The Simple Joy of Eating Alone
If you see me housing two dozen oysters on my own at happy hour, no you didn't.
So…we’re all watching “The Last of Us,” right? And we all sobbed through episode 3? Cool. Just checking.
the 15-60 minute time period spent laying on the floor in the middle of the work day, typically as a relief from the soul-sucking reality of corporate America.
Recently, while I was in Québec City, I witnessed two instances of solo diners. One was at a quintessentially Québécois establishment, and another was at arguably the city’s most trendy and upscale restaurant, Le Clan. At the former, I sat at the bar and there was a young woman a few seats over reading something elegant and sophisticated (e.g. Austen and the like). At the latter, a well-groomed man enjoyed his tasting menu and wine pairing at a table-for-one in the corner of the room. I didn’t once see him scroll on his phone during the courses. My dining mate, Andrew, asked if I would ever come to a place like this by myself. I told him I’ve done it loads of times.
One example was in Nice, where I solo traveled for a week during my 2022 #SabbatiCLO (I wrote about it a bit in an old Floor Time). I booked a Michelin-star meal for myself at Les Agitateurs, where I wore a knockout dress and enjoyed their awesome tasting menu and wine pairing all by myself. I savored the food at my own pace, and it was nice to have a peaceful meal with my thoughts after spending the whole day overstimulated by the incredible sites of the Côte d'Azur (admittedly, during the lulls in my own head, I’d just listen to the surrounding conversation). At that moment, I remember being so stupidly happy. There I was, sitting at this schmancy establishment in the freaking FRENCH RIVIERA, enjoying and affording this meal for myself because I worked hard enough to do it. I still get this little burst of serotonin just thinking about it.
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Don’t get me wrong, I LOVE dining with friends. As a New Yorker, eating out is practically a personality trait. But making the choice to eat in solitude can be a beautiful thing. It’s empowering to order what you want, not feel the pressure of making conversation—because sometimes your social battery won’t allow for it—and focus and savor the food you got (my sister actually does this on the reg because she is a massive foodie, and travels to three-star-Michelin spots on her own. Iconic! Flex!). And when you think more deeply about solo dining, ironically, it doesn’t even end up being that solo. You are surrounded by fellow diners, people passing by the window, and the staff. In every way, you’re part of a community. You’re sharing a space with people who may not share anything else with you aside from their desire to enjoy a good meal.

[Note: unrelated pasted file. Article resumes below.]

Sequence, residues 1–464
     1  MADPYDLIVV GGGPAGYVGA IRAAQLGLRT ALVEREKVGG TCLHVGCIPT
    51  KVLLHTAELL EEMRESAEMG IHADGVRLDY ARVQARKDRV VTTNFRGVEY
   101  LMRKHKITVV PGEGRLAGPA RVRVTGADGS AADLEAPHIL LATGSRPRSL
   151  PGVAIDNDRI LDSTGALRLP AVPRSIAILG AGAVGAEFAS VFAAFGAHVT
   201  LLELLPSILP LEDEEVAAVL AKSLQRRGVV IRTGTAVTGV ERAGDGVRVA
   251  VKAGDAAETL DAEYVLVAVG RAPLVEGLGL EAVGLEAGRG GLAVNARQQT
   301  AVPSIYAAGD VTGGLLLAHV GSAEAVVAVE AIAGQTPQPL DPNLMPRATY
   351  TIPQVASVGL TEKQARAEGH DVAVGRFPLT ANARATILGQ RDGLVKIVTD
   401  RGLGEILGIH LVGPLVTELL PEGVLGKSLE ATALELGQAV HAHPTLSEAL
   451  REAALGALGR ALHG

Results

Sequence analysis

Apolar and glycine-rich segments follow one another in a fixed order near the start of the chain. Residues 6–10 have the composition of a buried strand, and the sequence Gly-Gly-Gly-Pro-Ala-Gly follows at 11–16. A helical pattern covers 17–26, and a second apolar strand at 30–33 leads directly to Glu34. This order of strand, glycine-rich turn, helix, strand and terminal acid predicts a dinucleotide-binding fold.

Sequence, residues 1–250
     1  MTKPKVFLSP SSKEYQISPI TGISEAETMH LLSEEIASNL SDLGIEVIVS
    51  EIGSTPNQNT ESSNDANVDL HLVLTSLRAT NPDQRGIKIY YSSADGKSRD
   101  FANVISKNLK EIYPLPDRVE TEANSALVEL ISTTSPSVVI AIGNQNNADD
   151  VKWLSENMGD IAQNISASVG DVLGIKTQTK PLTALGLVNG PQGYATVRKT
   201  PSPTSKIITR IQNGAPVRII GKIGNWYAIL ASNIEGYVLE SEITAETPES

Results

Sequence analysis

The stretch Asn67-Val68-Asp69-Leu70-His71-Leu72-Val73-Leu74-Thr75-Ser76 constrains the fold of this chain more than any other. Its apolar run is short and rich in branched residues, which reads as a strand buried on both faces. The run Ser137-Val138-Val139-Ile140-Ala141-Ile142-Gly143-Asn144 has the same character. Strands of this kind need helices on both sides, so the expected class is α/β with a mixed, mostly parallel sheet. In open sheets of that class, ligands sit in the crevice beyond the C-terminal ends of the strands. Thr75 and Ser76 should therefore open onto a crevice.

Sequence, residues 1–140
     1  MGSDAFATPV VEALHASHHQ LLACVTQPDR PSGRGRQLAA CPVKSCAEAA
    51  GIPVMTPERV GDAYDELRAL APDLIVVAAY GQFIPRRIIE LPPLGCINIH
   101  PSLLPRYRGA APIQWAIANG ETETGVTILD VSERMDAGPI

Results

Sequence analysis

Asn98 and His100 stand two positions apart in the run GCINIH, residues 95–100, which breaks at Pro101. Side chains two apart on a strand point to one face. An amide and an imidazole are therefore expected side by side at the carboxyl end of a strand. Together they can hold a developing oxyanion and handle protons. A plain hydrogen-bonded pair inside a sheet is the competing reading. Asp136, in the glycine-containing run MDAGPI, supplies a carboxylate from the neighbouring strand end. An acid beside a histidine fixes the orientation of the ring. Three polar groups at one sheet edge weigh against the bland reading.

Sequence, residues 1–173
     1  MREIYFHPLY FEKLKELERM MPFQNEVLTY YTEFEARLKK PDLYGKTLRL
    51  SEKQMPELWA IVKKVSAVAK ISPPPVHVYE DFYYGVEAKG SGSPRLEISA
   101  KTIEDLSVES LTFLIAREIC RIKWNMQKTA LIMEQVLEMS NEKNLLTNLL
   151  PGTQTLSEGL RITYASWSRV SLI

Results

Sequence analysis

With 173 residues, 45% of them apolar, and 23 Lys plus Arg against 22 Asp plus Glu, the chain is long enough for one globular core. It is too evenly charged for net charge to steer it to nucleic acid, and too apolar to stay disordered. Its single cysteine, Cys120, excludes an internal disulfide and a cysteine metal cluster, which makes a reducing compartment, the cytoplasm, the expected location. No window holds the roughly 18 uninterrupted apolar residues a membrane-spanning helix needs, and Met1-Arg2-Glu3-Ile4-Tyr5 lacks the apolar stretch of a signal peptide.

I understand that eating alone can feel uncomfortable, whether you’re accustomed to it or not. I for one have to be in the right mindset to make the effort to eat out by myself. If I’m not, the intrusive thoughts may float in—do I not have friends? am I sad? And maybe they stem from a long-running stigma around eating alone. But when I’m clearheaded, I know this: I love good food and even though I love who I surround myself with, I also relish in my own company. Nothin’ wrong with that.
Something to Consider
I know that taking the first step to eat alone can be scary, especially if you’ve never done it before. But I encourage you to try and see what you learn—and if you do, please tell me about it! Some tips to help you get started:
Make sure you pick a restaurant with food that you are actually excited to try. That’s a huge part of it. That way, even if you hate the experience of being by yourself, you still get a stellar meal out of it.
If you have ~*social anxiety*~ like I do, try eating at off-peak times. I know that even when I’m with others taking up a table, I start to feel anxious about taking up too much space for too long (something I should probably discuss in therapy! 🤪).
Bring an emotional support activity. When I studied abroad in college, that was the first time I ventured into this world of eating and traveling alone. I was less comfortable with it than I am now, so I would bring a notebook or a book everywhere I went and it acted as a crutch. Eventually, I would still bring it but realize I wasn’t relying on it as much, because I was starting to simply enjoy the meal and my surroundings.
Sit at the bar and talk to the bartender. Automatic human interaction and the bartenders are always cool cats. It’s like a rule.
ICYMI, I shared this inspiring little gif on my Instagram this week. May the power of Dolly get you through whatever you need to get through!!!
Something To Laugh About
This is giving Vine energy and I’m just so glad that energy is back.
This is becoming a whole series and I can’t handle how wholesome it is.
Is this what it’s come to.
No need to do a wellness check or anything, but I think about this on almost every flight??
Shoutout to my friend Michael L because he fully understands this concept of the daily little treat.
This is so funny and for what.
Have a lovely weekend, ya’ll! I hope you seek out the best meal in the world and enjoy every morsel because you deserve it.
Til’ next time, solo diners. Your friend,
By the way…I’m reading this.
Technically a re-read, but The Perks of Being a Wallflower was one of my favorite books as a teen, and let me tell you, it. holds. up. I love this book with my whole heart and the words continue to give you these pangs in your heart even years after the book was published.